C.N. argued that in considering the best of her children the circuit court placed too much weight on her lengthy separation from her children and not enough weight on the progress she had made toward meeting the conditions of return. Unfortunately, the standard of review–whether the circuit court erroneously exercised its discretion–doomed her appeal.
C.N. conceded that the circuit court had grounds for termination, so this case boiled down to whether termination was in the “best interest of the child”–a six-factor test set forth in §48.426(3). Because the circuit court identified the correct legal standard and applied it to the evidence presented at trial, its exercise of discretion was unassailable on appeal. It does not matter whether the court gave more weight to one factor than another:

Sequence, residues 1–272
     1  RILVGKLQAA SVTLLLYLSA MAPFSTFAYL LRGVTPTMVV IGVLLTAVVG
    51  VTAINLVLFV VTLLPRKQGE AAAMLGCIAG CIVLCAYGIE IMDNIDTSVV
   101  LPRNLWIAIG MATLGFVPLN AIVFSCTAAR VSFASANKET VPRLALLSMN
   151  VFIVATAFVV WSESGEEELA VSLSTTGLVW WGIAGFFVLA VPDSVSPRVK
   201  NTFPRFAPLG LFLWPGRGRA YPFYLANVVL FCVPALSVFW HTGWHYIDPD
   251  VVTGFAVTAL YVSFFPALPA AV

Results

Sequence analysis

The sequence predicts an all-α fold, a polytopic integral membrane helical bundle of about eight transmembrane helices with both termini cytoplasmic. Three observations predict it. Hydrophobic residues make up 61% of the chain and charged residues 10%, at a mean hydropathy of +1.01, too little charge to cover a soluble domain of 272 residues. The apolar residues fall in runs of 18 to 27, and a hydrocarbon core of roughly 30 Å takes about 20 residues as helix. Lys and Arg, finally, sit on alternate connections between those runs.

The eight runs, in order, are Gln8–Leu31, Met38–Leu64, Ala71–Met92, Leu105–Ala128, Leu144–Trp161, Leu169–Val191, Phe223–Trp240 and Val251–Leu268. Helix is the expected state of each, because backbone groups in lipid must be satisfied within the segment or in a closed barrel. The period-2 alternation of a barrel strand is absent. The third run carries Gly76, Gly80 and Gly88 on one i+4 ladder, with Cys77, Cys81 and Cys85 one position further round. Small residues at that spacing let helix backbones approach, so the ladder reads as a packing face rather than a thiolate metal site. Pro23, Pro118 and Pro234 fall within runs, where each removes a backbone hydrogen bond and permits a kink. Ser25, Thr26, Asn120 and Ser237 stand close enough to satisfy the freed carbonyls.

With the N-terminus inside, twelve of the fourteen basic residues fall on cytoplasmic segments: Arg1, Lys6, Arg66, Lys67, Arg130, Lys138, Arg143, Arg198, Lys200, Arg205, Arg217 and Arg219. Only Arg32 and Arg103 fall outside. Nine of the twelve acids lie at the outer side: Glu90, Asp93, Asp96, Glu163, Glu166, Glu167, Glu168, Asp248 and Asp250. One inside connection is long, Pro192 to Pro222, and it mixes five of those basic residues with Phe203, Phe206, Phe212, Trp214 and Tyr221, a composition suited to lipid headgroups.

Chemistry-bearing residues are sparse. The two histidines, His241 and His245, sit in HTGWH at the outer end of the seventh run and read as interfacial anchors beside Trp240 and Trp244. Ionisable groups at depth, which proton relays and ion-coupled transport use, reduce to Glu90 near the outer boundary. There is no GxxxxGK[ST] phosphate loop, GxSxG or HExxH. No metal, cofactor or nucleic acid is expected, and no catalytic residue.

¶11 C.N. argues that the circuit court placed too much weight on the duration of the separations in determining that, although the children each had relationships with C.N., neither was substantial enough for either child to view as a stable, safe parental figure. However, my review is limited to examining whether the circuit court properly considered each of the statutory factors in light of the evidence, and C.N. gives me no reason to conclude that the court did not appropriately exercise its discretion in weighing the factors. See State v. Margaret H., 2000 WI 42, ¶29, 234 Wis. 2d 606, 610 N.W.2d 475. This includes C.N.’s argument that the court erroneously exercised its discretion in failing to place sufficient weight on the progress C.N. had allegedly made toward meeting the conditions of return. The circuit court explicitly took into account C.N.’s assertions that she was making strides in her efforts to become a stable and safe parent for her children, and C.N. provides no basis for me to conclude that the court reached a conclusion that a reasonable judge could not reach in assessing credibility, weighing evidence, and exercising its discretion.